I don’t mind cooking great food for birthdays. I also love rockfish. My husband bought a lovely Puligny Montrachet to have with it. A simple lemon butter topping on the fish. Baked potatoes. An arugula and goat cheese salad to start. Specialty cookies with a late harvest wine for dessert. The cookies are rum balls and raspberry filled wafers from Wegmans bakery. My foodie world and locavore worlds had one of those collisions today.

I did get some other interesting things there. For tonight, spicy shrimp spring rolls before I put out an oven baked brined turkey breast from their rotisserie cart. I did throw a few Brussels sprouts from an earlier trip to the store into the mix.

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Wegmans now has their own brand of K cups.
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Plus, we found another source, one that is environmentally friendly, San Francisco Bay. Price the same as going to Costco.

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These cups generate less waste, as there is no plastic surrounding container. Should be something different to get used to using. We shall see. We ended up getting scallops for New Year’s Eve, and other staples I normally only find at grocery stores. They had Meyer lemons. I have Aranciata. I only need to find fresh basil to make the Meyer Lemon Basil Fizz cocktails we love. Wegmans disappointed us, as they were out of the local Virginia potted fresh basil. Don’t need sage, or the other ones they had. No fresh basil there. Interesting.

We don’t get over to the eastern side of Columbia often anymore. It is a 35 mile round trip. I only ended up using three coupons. Too many of them were for frozen or processed or prepared foods. Not what we normally use. Let’s see what comes this month in the mailings. They haven’t let up on sending us things. The holiday version of the Menu magazine had ten coupons. They obviously want customers from west county. The little booklets keep coming, as well. I did get some pepitas in the bulk food aisle.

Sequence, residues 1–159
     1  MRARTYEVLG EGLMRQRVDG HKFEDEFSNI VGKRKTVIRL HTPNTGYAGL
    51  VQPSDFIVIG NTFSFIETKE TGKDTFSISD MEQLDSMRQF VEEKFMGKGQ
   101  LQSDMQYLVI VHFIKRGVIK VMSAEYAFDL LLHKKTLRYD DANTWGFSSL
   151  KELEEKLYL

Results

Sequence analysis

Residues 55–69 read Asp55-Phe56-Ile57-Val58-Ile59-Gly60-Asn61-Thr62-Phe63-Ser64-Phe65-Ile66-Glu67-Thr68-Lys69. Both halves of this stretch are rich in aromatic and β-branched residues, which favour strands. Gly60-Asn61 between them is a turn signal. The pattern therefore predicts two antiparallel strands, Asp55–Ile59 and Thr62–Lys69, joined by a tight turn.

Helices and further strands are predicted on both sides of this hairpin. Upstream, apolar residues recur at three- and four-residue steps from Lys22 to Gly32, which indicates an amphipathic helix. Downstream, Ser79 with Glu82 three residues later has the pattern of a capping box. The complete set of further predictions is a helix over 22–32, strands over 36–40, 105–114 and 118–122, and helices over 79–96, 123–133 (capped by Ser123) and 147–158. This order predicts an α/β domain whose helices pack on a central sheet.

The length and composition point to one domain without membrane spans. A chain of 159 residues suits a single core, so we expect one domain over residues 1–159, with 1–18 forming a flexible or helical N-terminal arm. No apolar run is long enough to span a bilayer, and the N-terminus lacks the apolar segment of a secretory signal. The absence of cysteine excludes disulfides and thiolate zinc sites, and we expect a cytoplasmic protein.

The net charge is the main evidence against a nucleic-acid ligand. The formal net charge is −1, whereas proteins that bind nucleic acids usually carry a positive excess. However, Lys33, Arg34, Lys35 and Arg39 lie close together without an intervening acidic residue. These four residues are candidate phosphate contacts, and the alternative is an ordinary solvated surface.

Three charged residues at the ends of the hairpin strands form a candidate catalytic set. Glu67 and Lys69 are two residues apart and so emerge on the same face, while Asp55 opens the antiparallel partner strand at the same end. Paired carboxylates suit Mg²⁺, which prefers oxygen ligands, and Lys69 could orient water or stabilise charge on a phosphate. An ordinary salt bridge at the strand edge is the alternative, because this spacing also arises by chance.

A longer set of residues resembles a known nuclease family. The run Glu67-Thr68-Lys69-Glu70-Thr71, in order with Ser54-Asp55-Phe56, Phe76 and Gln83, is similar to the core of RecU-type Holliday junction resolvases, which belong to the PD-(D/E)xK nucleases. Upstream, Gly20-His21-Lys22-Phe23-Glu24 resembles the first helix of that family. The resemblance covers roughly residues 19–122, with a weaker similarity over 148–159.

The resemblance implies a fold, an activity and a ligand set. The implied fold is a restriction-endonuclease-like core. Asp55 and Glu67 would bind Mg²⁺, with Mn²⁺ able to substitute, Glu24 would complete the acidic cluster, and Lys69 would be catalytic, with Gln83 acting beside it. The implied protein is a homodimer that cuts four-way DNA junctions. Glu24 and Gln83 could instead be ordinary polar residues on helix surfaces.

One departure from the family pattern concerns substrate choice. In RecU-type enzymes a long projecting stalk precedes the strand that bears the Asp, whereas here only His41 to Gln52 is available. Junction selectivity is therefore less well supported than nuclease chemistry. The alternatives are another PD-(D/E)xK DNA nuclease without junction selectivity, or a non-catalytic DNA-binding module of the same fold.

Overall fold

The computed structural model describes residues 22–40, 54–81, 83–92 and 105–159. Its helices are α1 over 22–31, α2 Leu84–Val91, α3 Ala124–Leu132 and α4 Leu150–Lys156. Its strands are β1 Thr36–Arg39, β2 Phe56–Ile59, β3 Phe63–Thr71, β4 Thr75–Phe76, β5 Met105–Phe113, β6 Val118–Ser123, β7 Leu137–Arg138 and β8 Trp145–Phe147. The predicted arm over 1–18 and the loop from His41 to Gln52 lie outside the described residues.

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Next week I don’t think I will be running out there for frozen waffles or packaged meat. Their promotional giveaways don’t rank up there in fresh food items most of the time, and today, I never found any of the carrots. They must have run out of them.

Still, all in all, a decent store. Now off to have some turkey with a local white wine. My last day as a fifty something. Wait until you see what I want to do in my sixtieth year.


Fall CSA Week Five

Heading into the home stretch. Only three weeks left after today. No worries. The freezer is full. Potatoes and squash in the coldest part of the laundry room.

2 Rutabaga
2 Bags Red Potatoes (Napa Cabbage swapped for second bag 5 Pounds)
1 Bag Purple Carrots
1 Head Broccoli
1 Head Bok Choy
2 large Leeks
1 Butternut Squash
2 large Yellow Onions
1 Bag Viola Turnips

The new one for us this week is the viola turnips. Never had them before. They should be interesting. The link says they are a rare heirloom.

We love the Hakurei turnips. Maybe this one will be another favorite.

Our preview harvest page at Sandy Spring said they were harvesting salsify this week. I was sad we didn’t get any, and am crossing my fingers hoping to get it before the season ends. I did a wonderful fritter from salsify last year, the post here, and a picture below.

Only ever found it at Harris Teeter, it was from Belgium and way past its prime. It is the root of the sunflower. Tastes like oysters. The fritters were lovely.